Could rumors about declining sales of Rachel Zoe's clothing label be related to concerns about the future of her Bravo reality show? Some sources say the line isn't selling as well as expected — despite indications from her business partners that they're "very happy" with its performance.
The show was an important promotional tool for the clothing, but so far it hasn't been renewed for a fifth season, and uncertainty about its future has been in the air for months. Last December, Zoe's husband Rodger Berman told Fashionista it was "still unclear" whether the show would return for a fifth season. This February, Zoe — who had at that point started her own television production company — told WWD, "After four years, maybe there's something to be said for starting something new."
That may explain why unnamed sources told Page Six Monday that Li & Fung — the Chinese retailing firm that backs Zoe's collection — "is panicked" about the future of the line, and that consumer interest in her wares has hit its peak. Alan Chartash, Li & Fung's chief strategy officer in the United States, said that was not the case.
"We're very happy. Apparel launched a year or so, and since that time, we've launched footwear, handbags and we're launching a line of jewelry exclusively with Neiman Marcus and Bergdorf Goodman," Chartash said. "We're supportive of Rachel and the continuation of the brand. Like any clothing line, it ebbs and flows, but we're very happy with the apparel sales."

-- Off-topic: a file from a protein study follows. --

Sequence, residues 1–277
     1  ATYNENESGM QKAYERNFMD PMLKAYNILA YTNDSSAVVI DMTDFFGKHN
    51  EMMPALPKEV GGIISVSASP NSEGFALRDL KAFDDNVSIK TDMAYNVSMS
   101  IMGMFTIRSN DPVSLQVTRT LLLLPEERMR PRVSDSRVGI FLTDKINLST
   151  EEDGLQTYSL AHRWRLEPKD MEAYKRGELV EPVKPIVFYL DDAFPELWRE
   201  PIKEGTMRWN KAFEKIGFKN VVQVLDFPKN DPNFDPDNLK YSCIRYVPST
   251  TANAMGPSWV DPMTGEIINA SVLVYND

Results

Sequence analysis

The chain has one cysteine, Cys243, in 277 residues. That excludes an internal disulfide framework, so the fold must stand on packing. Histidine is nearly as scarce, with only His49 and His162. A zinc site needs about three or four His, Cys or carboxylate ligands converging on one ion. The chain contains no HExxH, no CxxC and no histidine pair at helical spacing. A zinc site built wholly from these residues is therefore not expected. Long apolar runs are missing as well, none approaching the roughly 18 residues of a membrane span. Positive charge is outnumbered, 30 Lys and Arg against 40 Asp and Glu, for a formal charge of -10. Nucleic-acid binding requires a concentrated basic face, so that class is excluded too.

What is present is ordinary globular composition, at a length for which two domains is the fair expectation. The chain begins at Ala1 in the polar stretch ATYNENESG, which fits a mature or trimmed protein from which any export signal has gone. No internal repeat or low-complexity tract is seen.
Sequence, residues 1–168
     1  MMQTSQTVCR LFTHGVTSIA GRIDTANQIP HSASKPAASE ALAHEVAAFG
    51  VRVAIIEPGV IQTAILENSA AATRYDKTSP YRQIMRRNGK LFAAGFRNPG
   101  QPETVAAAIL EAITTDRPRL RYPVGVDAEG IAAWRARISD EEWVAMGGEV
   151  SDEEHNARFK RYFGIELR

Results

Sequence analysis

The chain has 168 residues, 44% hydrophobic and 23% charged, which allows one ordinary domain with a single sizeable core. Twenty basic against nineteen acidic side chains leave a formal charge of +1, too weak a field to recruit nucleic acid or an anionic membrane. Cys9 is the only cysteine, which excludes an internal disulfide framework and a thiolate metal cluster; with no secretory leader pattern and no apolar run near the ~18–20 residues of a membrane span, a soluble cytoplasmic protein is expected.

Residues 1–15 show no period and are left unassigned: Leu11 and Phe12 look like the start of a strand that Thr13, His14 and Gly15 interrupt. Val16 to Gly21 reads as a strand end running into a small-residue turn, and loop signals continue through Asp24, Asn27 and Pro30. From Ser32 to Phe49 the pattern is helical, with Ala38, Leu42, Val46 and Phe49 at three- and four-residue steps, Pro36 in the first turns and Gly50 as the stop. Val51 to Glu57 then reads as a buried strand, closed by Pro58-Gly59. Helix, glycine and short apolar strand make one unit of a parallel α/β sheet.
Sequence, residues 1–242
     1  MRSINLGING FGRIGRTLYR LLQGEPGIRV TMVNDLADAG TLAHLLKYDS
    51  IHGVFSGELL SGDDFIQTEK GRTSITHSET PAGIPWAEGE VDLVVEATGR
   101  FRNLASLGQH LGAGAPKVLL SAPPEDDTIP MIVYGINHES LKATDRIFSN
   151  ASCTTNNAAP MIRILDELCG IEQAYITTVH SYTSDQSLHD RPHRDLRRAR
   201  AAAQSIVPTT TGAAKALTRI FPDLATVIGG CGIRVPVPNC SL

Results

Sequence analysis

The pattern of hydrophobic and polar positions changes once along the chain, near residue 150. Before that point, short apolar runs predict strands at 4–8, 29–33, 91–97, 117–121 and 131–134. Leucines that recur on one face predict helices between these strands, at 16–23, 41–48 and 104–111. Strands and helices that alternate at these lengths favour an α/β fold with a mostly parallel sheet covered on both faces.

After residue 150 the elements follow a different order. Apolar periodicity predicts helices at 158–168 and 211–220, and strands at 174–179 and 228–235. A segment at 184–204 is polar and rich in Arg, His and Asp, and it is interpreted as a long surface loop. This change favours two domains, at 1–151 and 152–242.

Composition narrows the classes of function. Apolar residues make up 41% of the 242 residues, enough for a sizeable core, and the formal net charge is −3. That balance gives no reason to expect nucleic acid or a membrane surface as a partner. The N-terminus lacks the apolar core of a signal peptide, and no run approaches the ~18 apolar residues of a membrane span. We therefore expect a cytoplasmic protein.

Representatives from Bloomingdale's and Saks Fifth Avenue, which also sell Zoe's clothing, had not responded to requests for comment as of this post.
Update: Bravo announced today that it has picked up The Rachel Zoe Project for a fifth season that will follow the stylist as she oversees her expanding business and family. Zoe herself said today during the Lucky Fabb conference that rumors of her business suffering are untrue. "My business is up significantly. Just launched jewelry, things are going well," she said. "None of those points from the NY Post article were true and it got picked up by everyone. Our retailers didn't even blink, though, because they know the truth."